Oh, I had to listen to a very wise dissertation about running out, as he calls it,—Five thousand! mimicking—enough for any younger son —but the Prodigal. Really I can’t see how I could help it. Jack Spiller to be sure had twelve hundred; the fellow was honest, and would have paid, but he married a Fine Lady—so died Insolvent. It was not the only accident, of the kind, that occurred to me—the purchase of my Captaincy too—the necessary expences in my last Campaign—and the Distresses of my fellow soldiers, have swallowed the rest.

Sand.

Poor Granger! So, with a Spirit to do Honour to Five Thousand a Year—thou art not now worth five shillings!

Grang.

C’est vrai. Should the affair with my dear Miss Doiley be cross’d— I am the most undone dog on Earth!

Sand.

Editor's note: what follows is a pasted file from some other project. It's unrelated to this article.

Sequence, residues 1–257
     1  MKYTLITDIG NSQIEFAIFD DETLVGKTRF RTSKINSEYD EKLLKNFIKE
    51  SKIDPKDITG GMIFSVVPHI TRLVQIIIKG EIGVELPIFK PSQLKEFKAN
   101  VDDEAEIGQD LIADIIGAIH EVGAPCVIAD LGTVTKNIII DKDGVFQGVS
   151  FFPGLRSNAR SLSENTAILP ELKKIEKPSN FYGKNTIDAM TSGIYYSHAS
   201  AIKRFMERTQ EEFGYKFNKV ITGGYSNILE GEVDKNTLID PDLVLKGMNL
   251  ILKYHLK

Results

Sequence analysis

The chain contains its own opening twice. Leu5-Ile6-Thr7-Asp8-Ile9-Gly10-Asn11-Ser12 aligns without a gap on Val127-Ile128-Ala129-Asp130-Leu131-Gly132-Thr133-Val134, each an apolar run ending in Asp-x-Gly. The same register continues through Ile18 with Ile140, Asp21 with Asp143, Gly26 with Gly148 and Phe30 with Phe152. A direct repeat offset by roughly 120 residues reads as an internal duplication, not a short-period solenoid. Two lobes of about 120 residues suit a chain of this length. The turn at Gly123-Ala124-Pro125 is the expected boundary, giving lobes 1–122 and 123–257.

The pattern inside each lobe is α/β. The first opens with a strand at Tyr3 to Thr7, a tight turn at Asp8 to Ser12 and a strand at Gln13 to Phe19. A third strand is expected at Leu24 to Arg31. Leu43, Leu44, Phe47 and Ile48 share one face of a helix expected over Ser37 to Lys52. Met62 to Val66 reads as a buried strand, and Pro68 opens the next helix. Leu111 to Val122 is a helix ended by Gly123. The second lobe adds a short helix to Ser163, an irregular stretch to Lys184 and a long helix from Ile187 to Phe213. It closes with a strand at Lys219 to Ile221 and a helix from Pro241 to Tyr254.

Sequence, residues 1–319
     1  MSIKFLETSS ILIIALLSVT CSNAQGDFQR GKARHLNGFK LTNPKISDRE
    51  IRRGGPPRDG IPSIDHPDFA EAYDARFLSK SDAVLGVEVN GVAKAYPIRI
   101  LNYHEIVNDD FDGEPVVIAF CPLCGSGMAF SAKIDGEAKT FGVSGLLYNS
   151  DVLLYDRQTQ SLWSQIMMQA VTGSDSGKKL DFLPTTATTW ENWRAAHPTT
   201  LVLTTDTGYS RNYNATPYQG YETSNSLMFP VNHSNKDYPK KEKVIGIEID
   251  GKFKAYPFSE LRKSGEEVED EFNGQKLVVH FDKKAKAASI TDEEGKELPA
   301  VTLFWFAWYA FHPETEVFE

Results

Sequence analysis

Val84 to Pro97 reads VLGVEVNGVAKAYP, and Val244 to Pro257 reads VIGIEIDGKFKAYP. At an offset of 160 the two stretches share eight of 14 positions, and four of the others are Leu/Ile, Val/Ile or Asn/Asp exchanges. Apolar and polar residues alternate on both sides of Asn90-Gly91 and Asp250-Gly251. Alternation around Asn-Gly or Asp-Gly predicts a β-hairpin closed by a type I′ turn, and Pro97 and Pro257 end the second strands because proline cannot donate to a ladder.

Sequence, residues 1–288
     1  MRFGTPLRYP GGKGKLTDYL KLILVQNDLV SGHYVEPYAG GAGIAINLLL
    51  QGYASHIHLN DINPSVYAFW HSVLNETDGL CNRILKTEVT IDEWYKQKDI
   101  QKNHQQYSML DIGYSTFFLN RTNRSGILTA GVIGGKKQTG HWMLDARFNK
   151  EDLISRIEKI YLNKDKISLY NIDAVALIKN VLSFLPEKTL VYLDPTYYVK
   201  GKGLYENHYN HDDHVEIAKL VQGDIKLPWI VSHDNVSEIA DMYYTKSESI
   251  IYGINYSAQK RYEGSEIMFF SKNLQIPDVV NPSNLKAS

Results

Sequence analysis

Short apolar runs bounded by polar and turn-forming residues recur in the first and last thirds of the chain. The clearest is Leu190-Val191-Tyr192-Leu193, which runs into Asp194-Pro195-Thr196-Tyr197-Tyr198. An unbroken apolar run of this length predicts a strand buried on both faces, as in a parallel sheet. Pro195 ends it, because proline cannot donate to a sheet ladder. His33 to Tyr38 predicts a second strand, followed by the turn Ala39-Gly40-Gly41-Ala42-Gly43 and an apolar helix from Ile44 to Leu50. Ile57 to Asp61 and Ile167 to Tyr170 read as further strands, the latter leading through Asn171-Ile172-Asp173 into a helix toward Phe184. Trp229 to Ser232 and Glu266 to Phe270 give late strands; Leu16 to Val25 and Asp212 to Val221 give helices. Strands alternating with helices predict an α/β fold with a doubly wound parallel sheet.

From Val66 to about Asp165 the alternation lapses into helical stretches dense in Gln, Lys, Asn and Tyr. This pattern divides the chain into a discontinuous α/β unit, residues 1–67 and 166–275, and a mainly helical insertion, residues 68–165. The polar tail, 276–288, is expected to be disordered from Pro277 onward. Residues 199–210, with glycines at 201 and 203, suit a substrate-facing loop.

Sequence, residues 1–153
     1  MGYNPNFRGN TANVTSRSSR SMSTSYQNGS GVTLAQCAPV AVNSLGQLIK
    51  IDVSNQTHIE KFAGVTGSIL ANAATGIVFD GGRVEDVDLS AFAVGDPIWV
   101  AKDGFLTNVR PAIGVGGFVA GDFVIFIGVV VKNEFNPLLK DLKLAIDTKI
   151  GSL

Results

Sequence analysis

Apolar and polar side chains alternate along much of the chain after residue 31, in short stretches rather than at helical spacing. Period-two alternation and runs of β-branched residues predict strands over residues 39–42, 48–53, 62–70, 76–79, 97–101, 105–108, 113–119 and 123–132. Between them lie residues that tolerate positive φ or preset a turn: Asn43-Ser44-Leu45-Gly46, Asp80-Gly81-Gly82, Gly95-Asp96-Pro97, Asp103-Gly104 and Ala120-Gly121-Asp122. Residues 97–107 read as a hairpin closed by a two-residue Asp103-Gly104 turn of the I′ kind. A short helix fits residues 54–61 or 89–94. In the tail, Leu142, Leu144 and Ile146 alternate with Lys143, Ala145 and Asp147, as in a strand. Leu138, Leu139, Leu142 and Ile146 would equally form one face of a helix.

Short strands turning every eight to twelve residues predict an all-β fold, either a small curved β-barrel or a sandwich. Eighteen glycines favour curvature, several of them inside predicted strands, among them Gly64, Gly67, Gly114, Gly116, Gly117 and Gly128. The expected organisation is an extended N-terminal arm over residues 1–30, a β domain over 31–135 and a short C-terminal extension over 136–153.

What then, under all circumstances—to a Friend I suppose you will frankly confess—that her Fortune is nearly as much your object as Herself.

Grang.

Why look ye Sandford—I am not one of those sighing milksops who could live in a Cottage on Love, or sit contentedly under a hedge and help my wife to knit stockings; but, on the word of a Soldier! I would rather marry Elizabeth Doiley with Twenty, than any other woman on earth with a hundred, Thousand.

Sand.

And the woman must be very unreasonable who would not be satisfied with such a distinction. But Elizabeth’s Father, as my Letter would have informed you, has taken the Liberty to chuse a Son-inLaw—without your Permission!

Grang.

Ah! a Lover! That then is the Secret she hinted, and that brought me so hastily to Town;— who—what—is he? 110 H7v 110

Sand.

Why—every thing that you are not!

Grang.

Pshaw!—such a mixture of jest and earnest puzzles.

Sand.